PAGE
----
Walla Walla is such a nice little town. There are gorgeous old 1900-era buildings everywhere, a new trolley system, and a comfy downtown area with shops and nice restuarants and eateries and wineries, as well as a lot of young college students hanging out. I could see living here, or retiring here; or at least visiting again, especially if we could take a train from Seattle (it's bit of a drive).
Dean survived the day without more hiccups (thank goodness). Here's a pair of hiccup poems, that I wrote a few years ago, when I was trying to be funny about medicine and causes & cures. They read out loud much better than on the page.
The Cause of Hiccups
Fizzy mixer, foamy beer,
jalepeno salsa, oyster pate —
even swallowing ice is suspected
of causing the diaphragm’s trampoline
to get a hitch in its giddyup,
making you suddenly suck air.
But that’s not all — as your glottis
slams shut, causing the characteristic hic
followed by ugh — consider
skull fracture, epilepsy, diabetes,
heart attack; don’t forget TB,
bowel obstruction, meningitis, colitis.
And the oddest one — a hair
tickling the eardrum!
Though we don’t know jack,
we’ve plenty of theories.
Our best guess: an annoyance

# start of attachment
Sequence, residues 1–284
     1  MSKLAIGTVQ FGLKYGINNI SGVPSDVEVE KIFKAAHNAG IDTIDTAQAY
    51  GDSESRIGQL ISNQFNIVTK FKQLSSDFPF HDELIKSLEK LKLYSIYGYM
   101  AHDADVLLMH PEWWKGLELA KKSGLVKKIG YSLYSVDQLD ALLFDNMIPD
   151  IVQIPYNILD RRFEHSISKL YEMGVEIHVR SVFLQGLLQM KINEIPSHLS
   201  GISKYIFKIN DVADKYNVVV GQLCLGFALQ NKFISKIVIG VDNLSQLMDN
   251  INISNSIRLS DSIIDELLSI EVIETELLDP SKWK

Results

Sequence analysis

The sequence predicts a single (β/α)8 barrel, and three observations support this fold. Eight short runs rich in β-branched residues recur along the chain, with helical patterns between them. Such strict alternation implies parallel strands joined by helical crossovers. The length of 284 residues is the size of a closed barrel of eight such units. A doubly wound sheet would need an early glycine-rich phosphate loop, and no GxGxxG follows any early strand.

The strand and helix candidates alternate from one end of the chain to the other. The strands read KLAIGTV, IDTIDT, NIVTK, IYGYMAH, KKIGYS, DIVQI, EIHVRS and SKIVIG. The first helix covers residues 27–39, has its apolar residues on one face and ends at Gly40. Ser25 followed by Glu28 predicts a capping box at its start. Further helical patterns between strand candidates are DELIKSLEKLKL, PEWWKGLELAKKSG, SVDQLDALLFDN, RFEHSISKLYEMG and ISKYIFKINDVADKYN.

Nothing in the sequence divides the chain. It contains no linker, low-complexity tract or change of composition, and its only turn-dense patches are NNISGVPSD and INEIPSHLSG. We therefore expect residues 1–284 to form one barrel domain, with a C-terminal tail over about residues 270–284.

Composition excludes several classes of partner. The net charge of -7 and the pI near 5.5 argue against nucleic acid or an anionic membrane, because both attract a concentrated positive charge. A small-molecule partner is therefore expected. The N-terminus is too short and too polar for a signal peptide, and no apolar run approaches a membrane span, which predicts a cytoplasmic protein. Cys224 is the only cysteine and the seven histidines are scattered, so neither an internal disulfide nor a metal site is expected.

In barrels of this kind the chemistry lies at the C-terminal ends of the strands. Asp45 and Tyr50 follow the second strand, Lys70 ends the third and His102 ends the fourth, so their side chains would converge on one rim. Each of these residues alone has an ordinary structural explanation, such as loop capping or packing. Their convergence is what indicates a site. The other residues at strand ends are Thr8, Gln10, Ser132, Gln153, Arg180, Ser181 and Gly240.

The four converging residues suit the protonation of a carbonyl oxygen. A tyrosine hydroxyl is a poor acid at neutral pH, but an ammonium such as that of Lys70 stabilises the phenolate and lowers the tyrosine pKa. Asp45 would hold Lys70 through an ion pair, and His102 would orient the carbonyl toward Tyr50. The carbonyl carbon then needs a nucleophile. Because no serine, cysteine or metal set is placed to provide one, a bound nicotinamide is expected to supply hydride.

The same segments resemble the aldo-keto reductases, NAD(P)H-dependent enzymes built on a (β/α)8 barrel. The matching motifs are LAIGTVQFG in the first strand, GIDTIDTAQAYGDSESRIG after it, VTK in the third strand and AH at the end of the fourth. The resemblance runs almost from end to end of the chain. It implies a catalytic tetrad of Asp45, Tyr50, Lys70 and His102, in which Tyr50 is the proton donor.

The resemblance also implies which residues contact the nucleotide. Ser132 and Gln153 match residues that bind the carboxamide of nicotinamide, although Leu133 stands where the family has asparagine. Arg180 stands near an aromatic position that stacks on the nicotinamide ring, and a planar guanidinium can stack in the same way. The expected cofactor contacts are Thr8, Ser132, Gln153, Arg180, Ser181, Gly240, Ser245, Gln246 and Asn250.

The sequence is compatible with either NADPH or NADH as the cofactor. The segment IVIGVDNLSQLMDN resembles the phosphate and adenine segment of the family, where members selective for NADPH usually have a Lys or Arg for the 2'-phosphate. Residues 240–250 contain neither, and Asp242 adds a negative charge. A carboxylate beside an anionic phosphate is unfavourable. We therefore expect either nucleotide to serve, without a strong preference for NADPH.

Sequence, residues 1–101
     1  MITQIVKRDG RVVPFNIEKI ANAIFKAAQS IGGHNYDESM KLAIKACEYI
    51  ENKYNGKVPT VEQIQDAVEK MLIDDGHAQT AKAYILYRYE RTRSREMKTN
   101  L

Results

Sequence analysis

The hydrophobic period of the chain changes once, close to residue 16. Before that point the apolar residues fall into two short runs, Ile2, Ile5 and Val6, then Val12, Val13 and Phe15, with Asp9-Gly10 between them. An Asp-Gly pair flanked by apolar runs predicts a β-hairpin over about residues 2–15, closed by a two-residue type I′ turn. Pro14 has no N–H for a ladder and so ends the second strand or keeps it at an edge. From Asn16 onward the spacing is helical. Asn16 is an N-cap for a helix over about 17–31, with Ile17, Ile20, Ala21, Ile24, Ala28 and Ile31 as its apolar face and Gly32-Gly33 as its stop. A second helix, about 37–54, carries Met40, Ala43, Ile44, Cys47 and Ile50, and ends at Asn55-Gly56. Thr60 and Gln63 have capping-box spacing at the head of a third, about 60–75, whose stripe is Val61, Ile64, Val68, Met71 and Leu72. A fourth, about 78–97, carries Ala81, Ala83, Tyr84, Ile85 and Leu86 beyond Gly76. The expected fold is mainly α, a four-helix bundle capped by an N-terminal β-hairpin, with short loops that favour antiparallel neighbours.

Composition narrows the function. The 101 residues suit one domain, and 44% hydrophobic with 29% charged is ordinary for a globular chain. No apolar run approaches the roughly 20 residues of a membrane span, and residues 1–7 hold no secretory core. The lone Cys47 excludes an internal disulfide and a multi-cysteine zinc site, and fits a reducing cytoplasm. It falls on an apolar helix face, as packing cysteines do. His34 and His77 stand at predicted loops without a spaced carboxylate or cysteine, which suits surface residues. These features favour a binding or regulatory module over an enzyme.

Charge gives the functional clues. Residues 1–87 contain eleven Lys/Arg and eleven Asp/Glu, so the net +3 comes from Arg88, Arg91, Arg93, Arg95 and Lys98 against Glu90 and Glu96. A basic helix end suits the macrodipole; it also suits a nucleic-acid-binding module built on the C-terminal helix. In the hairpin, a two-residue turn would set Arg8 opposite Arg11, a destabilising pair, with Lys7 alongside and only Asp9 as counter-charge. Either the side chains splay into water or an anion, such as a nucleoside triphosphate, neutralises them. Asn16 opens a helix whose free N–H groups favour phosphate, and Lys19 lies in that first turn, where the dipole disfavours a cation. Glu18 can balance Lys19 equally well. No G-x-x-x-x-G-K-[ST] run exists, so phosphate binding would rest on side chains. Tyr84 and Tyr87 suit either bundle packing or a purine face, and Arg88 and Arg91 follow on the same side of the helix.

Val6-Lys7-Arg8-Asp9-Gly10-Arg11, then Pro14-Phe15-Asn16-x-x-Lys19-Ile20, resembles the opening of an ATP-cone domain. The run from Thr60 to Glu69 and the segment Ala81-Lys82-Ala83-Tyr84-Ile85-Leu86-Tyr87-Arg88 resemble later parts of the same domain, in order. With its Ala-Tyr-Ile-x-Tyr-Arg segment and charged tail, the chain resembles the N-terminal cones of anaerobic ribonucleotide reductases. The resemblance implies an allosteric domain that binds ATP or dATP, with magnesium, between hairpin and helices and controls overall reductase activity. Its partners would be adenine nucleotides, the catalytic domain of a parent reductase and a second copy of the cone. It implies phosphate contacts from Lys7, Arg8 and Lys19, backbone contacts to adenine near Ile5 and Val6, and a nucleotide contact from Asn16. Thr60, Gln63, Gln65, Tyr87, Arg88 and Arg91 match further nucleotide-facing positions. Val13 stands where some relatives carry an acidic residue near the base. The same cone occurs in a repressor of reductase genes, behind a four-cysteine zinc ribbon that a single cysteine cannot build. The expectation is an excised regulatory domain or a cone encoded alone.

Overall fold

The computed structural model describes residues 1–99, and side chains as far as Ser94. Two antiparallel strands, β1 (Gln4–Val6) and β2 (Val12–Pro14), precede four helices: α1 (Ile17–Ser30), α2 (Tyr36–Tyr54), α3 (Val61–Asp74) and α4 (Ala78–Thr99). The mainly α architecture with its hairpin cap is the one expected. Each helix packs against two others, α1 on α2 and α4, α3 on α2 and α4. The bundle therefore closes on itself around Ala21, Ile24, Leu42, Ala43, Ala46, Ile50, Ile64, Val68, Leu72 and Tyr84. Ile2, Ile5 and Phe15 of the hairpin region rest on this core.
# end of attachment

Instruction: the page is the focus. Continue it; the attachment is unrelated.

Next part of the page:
to the vagus nerve, its wandering course
all over the body the reason
so many things lead to hiccups.
Sunlight, darkness, any sudden change
in the wind. Excitement, stress,
an overfull bladder. They’ve even been said
to be viral in origin, contagious
as yawning. With so many causes,
no wonder there’s no sure cure.
Yet all the studies have shown,
regardless of their origin,
once you’ve hiccupped seven
they won’t quit until
you’ve hiccupped 63.
The Cure for Hiccups
Slowly lick a spoonful of creamy
peanut butter. Sniff pepper
until you sneeze. Inhale five quick breaths
through a wadded wet dishrag.
Light a match and blow it out.
Pinch the back of your shoulder
until it hurts.
And if that doesn’t work, count
all the bald men you know.
Grab your tongue and pull it forward.
Bend over backwards and stroke your throat.
Immerse your face into a bucket of ice water.
Press thumbs against both eyeballs
as long as you can stand it . . .
Or laugh out loud.
Ask someone to kiss you,
or to startle you,
or to sock you in the stomach.
If liquor’s handy, gargle.
Drink a salt-rimmed glass with your nose pinched,
with someone plugging your ears.
Drink from the wrong side
standing upside down,
or from a snifter with a steak knife
balanced against your right cheek.
If all else fails: take your clothes off
and run naked on the stairs.
Call a friend long distance
and hang up before she answers.
Bend over and brush your hair forward.
Touch a kitten on the nose.
Eat yogurt with a fork.
The number of cures
is inversely proportional
to the likelihood they’ll work.
Maybe you should just stand and wait.
Read this poem in one breath.